Machine Learning based Trading Strategy

In the last few years, I have built a machine learning based trading strategies platform to predict the stock market. It provides model building, training, backtesting, and prediction functionality built on top of big data Hadoop and HBase. The secret sauce remains a secret 🙂

You can follow my model at

http://giantify.collective2.com/

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RDD in Spark

I have recently digged into Spark trying to understand its internals. I found some excellent interesting papers especially on RDD (Resilient Distributed Dataset). For example:

https://www.cs.berkeley.edu/~matei/papers/2012/nsdi_spark.pdf (Resilient Distributed Datasets: A Fault-Tolerant Abstraction for In-Memory Cluster Computing)

http://www.cs.berkeley.edu/~matei/talks/2012/nsdi_rdds.pdf (Presentation)

For some of us who are more familiar with Hadoop disk based distributed system might also want to read up on distributed shared memory (DSM) to gain some basic understandings of various related concepts.

http://www.cdf.toronto.edu/~csc469h/fall/handouts/nitzberg91.pdf (Distributed Shared Memory: A survey of issues and algorithms) This is a good overview of DSM. It talks about memory coherence and coherence protocol.

http://hal.archives-ouvertes.fr/docs/00/07/41/93/PDF/RR-2481.pdf (A Recoverable Distributed Shared Memory Integrating Coherence and Recoverability)

RDD is different from DSM in the following aspects as pointed out in the above paper. See the table below. RDD is a restricted form of distributed shared memory. It is immutable, partitioned collections of records. It maintains lineage information (a series of transformations) for efficient fault recovery.

Table 1 taken from the 1st paper above

 

Screen Shot 2014-07-31 at 12.47.03 AM

 

 

To be continued…..

HyperLogLog vs LogLog

To understand HyperLogLog (HLL), one should read the LogLog and HyperLogLog papers.

http://algo.inria.fr/flajolet/Publications/DuFl03-LNCS.pdf  (LogLog)

http://algo.inria.fr/flajolet/Publications/FlFuGaMe07.pdf  (HyperLogLog)

The major difference between the two is one uses regular mean and the other (HLL) uses harmonic mean to average the estimate cardinality calculated by different m buckets. I would view these buckets as different experiments.

The accuracy (standard error) is controlled by the number of buckets, m. The more buckets the better is the estimation. But, HLL has better accuracy compared to LogLog given the same number of buckets.

The standard error for HLL is

CodeCogsEqn

 

The standard error for LogLog is

CodeCogsEqn (1)

The following is the LogLog algorithm taken from the paper

Screen shot 2014-07-29 at 8.07.49 PM

Basically, there are m buckets, each one is keeping track of the run of consecutive zeros in the bit string. We then figure out the max run of consecutive zeros (position of leftmost 1) in all the buckets.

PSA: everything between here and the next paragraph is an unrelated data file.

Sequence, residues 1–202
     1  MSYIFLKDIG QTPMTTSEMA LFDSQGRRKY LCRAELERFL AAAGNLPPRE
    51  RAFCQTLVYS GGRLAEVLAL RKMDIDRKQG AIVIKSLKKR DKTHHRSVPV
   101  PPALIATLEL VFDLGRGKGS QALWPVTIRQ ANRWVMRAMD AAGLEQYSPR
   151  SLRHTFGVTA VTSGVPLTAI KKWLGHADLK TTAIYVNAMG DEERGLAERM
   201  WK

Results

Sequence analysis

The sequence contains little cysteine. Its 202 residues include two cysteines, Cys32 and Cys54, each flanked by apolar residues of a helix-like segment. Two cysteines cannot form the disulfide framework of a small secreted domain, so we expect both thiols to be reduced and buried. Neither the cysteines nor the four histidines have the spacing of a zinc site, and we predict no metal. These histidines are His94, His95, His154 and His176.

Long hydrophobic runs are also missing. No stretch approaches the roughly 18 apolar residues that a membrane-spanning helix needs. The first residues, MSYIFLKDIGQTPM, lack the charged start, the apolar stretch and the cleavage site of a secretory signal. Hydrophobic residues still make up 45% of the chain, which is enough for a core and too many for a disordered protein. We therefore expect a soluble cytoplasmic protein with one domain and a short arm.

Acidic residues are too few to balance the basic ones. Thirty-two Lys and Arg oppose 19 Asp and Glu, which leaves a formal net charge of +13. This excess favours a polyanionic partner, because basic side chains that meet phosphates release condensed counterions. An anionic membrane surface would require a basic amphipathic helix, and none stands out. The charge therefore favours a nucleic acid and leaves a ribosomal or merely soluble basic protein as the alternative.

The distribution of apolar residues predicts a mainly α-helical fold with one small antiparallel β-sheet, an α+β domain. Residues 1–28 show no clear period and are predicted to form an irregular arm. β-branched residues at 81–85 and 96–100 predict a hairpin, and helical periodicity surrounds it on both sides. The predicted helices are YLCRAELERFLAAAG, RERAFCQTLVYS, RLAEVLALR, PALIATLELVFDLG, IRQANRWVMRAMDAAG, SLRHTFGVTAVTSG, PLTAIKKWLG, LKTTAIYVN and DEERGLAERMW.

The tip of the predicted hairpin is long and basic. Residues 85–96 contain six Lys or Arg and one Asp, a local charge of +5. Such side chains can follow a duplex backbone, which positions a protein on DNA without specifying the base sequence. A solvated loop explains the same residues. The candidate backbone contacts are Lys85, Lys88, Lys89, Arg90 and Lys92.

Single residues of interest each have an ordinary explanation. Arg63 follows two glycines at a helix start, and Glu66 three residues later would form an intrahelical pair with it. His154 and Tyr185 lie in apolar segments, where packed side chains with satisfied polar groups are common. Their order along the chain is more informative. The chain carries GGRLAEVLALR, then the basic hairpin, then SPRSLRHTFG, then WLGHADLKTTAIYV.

eg.  1  => 1,   001 =>3

Then using the cardinality estimate formula shown in the last line, calculate the estimate unique counts. As you see from the formula, it involves taking the average of the run of zeros observed in these buckets. (Note: the alpha is the bias correction applied to the cardinality estimate)

For HyperLogLog, instead of using the average, harmonic mean (stochastic averaging) is used. Please refer to the HLL paper for more detailed description of the formula.

Taken from the HLL paper,

Screen shot 2014-07-29 at 8.24.19 PM

Spark on YARN

I tried out Spark on YARN recently. It is very straight forward. If you are planning to use MLlib, make sure you have gcc-gfortran installed on every cluster node.

1) First, you have to download and install  spark-1.0.0-bin-hadoop2

http://www.apache.org/dyn/closer.cgi/spark/spark-1.0.1/spark-1.0.1-bin-hadoop2.tgz

2) Set the YARN_CONF_DIR to point to the location of your hadoop configuration files.

eg.

export YARN_CONF_DIR=/etc/hadoop/conf

You can now start spark shell as follows

cd spark-1.0.0-bin-hadoop2

./bin/spark-shell —master yarn-client –driver-java-options “-Dspark.executor.memory=2g”

HyperLogLog Aproximate Distinct Counting

In MapReduce, distinct/unique count of large data set is very common but unfortunately it is not scalable because it requires one reducer. It gets worse when you have to perform unique count across different aggregation/segment groups. Again, unique counting across different aggregation granularities whether in terms of time dimension or in combination with other demographic attributes is a common practice in big data analytics. Eg. In your massive data sets, let’s find unique counts of users for every hour, every day, every week, every month and etc.

HyperLogLog approximate unique counting can be used to provide a scalable solution. Keep in mind, the unique count here is a probabilistic approximate counts.You can implement either a map side hyperloglog counting or reduce side hyperloglog counting. However, map side counting requires more memory and beware of out of memory issue if you have many segments to perform unique count on.

For more information, you can check out the following pages

http://highscalability.com/blog/2012/4/5/big-data-counting-how-to-count-a-billion-distinct-objects-us.html

http://stefanheule.com/papers/edbt2013-hyperloglog.pdf

http://tech.adroll.com/media/hllminhash.pdf

http://www.looker.com/news/blog/practical-data-science-amazon-announces-hyperloglog